Students and community encouraged to success at NAACP breakfast

EAST LIVERPOOL – Family, friends and members of the community at large were urged to support the educational endeavors of local students during the East Liverpool/Wellsville NAACP chapter’s annual scholarship breakfast Saturday morning at United Brethren in Christ Church in East Liverpool.

Guest speaker Karen Williams-Hatcher told attendees, including East Liverpool Mayor Jim Swoger, of the great difference that such support made in her quest to become the first college graduate in her family. Hatcher, a member of the Wellsville High School class of 1977, earned a bachelor’s degree in communications and a master’s in sports administration from Ohio University, and now serves as senior associate athletic director for the University of Cincinnati.

While assuring this year’s six scholarship recipients that they will need to work hard to earn good grades, graduate and succeed, Hatcher told the audience members that their encouragement could make all the difference to the students in their lives.

She quoted statistics saying that only 59 percent of U.S. college students go on to graduate with degrees, and wondered rhetorically what becomes of the other 41 percent.

“It’s nice to win scholarships. You go off to school, you want to do well,” Hatcher said. “But you need a lot of support, people telling you that you can do it and encouraging you to do your best.”

Hatcher says that having the kind of encouragement she received, not only from members of her family but also from the greater Wellsville community, played a critical role in making her success a reality.

However, Hatcher told the students present that those who succeed should always remember where they came from and be willing to offer the same kind of support they received.

Inspired by the words of her late brother-in-law, Alvin Thompson, to “pay it forward,” Hatcher announced that she would endow a pair of $500 college scholarships – one at East Liverpool, the other at Wellsville – for a graduating senior from each school for the next five years.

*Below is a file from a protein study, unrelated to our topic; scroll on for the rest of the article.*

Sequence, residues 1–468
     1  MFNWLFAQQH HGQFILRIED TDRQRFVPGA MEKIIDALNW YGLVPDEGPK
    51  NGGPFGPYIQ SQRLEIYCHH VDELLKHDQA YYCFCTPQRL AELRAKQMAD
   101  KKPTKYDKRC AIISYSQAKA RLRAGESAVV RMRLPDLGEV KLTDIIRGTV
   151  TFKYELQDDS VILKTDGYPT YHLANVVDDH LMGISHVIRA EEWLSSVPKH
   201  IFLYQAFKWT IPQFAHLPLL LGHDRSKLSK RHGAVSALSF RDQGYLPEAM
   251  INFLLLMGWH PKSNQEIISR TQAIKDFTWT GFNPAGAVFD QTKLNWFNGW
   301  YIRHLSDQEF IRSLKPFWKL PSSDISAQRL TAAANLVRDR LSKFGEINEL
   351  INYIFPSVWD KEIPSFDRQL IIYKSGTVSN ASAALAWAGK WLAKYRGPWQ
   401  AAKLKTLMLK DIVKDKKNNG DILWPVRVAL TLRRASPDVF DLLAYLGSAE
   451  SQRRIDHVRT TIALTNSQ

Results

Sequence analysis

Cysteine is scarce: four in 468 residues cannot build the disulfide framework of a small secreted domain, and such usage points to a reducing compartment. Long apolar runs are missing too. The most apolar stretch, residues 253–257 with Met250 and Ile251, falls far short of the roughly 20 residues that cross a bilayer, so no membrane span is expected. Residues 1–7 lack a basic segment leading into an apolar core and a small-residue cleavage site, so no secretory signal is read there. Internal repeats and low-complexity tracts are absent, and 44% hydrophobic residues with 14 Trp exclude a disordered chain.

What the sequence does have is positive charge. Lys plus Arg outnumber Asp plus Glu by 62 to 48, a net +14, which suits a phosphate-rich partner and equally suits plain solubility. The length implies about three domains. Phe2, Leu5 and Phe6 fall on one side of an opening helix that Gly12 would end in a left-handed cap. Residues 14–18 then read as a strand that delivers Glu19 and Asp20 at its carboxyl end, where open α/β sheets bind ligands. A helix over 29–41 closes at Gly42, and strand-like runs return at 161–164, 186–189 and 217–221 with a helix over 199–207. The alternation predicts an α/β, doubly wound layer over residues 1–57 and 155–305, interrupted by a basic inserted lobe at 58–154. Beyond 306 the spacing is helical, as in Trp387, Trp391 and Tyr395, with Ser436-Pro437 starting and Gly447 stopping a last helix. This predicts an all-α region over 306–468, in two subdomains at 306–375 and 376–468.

Hatcher says Thompson was instrumental in offering words of praise and encouragement, especially when she began to feel overwhelmed. “Whenever I struggled, I could go to him – often in confidence – and talk to him about my struggles,” she said.

Following the ceremony, NAACP chapter president Whitney Taylor-Washington recognized the importance of assisting community scholars in pursuing higher education. “We want to help the students succeed in life,” she said. She proudly pointed out that nearly all of the NAACP scholarship recipients over the past 20 years have finished college and earned their degrees.

One of this year’s recipients had a special connection to his award. Don Austin Jr. received one of three Martin Scholarship in memory of his late uncle, James “Botsy” Martin, which were presented at the ceremony by his aunt, Florence Martin.

Austin, who graduated from East Liverpool High School, said he had many memories of attending many scholarship breakfasts while growing up.

“In honor of him and seeing the past recipients, receiving this scholarship is really an honor,” he said. Austin says he looks forward to being able to achieve and subsequently give back to help future students further their educational opportunities also.